The cold front that has overrun most of the Midwest and eastern United States is starting to wane today, but cities are not out of the ice just yet.
Temperatures in some cities have gone above freezing, like Atlanta, but the city now needs to thaw. Fountains and various machines had shut down and need to be restarted.
This news surrounding cold weather has been present nationwide. Here are some items that caught our eye:
Hell freezes over
Residents of Hell, Mich. are becoming famous on Google News searches after the cold weather spread through the town.
They’re taking it in stride, though. The “Go To Hell” page on Facebook is using a cover photo of the town’s sign being covered in icicles.
Mayor John Colone said that he needed to “throw water” on his mouth because he absent-mindedly put his car keys near his lips and the metal stuck to his mouth.
Peacock escapes Chicago zoo, gets frozen to tree
Blue, a peacock in Dundee, Ill., a Chicago suburb, flew away from his heated pen at the Randall Oaks Barnyard Zoo and landed on a tree. The cold weather froze Blue to a tree branch.
Chicago-area firefighters had to rescue the bird from subzero temperatures. It took about 90 minutes for the peacock to be returned to his pen after getting stuck.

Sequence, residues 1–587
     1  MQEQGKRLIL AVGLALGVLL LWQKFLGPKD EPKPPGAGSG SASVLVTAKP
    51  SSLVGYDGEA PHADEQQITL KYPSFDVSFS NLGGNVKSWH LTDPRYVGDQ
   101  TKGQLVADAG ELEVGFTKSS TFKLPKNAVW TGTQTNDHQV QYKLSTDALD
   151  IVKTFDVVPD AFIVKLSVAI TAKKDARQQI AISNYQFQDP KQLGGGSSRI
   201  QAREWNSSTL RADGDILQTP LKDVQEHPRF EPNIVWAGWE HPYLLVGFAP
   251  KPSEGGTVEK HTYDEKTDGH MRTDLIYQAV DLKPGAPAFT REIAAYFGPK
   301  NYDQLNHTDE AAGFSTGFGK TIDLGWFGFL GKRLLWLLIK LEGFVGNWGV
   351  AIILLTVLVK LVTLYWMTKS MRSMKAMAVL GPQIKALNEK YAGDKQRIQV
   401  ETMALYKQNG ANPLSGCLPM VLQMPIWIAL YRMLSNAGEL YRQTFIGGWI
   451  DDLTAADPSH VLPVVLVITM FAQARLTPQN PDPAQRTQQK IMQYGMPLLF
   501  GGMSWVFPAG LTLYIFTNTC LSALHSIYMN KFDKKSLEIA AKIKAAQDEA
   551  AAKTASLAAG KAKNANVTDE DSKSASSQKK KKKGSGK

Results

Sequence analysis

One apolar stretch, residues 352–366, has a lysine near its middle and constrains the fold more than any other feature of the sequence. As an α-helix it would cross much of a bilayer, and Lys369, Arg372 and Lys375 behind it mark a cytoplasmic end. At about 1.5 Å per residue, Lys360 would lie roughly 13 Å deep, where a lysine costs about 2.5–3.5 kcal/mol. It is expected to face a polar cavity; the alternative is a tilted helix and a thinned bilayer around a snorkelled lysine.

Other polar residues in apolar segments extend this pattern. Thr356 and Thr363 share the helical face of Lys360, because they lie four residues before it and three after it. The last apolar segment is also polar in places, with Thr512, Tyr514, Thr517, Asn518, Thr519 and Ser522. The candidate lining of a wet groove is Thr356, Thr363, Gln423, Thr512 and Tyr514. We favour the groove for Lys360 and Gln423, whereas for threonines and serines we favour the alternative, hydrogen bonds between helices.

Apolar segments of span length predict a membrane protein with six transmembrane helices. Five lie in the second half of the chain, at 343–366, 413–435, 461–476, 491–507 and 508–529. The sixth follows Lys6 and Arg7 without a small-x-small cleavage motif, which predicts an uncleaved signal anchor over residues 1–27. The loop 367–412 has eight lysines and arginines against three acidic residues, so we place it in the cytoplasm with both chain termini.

The zoo’s management says that Blue is now in quarantine.
Pennsylvania pizza shop doing medicine deliveries
Fox’s Pizza Den in Ligonier, Pa., is helping townspeople by organizing medicine deliveries to the ill and elderly so that they don’t have to go out in the cold.
The owner is allowing these deliveries to be requested without having to order food. Owner Tom Wynkoop said, “You have to be there for your residents.”
Still time for goose hunting
The people of South Dakota refused to let cold weather stop their hunting, as the 24th annual Central South Dakota Youth Goose Hunt was held this past weekend.
Much of the hunt had to be canceled as the game was scarce, but the day still drew 112 12- to 15-year-olds. The hunt is a tradition for the townspeople.
Proponents say the event is a good way to teach children the ethics of hunting and basic, practical skills.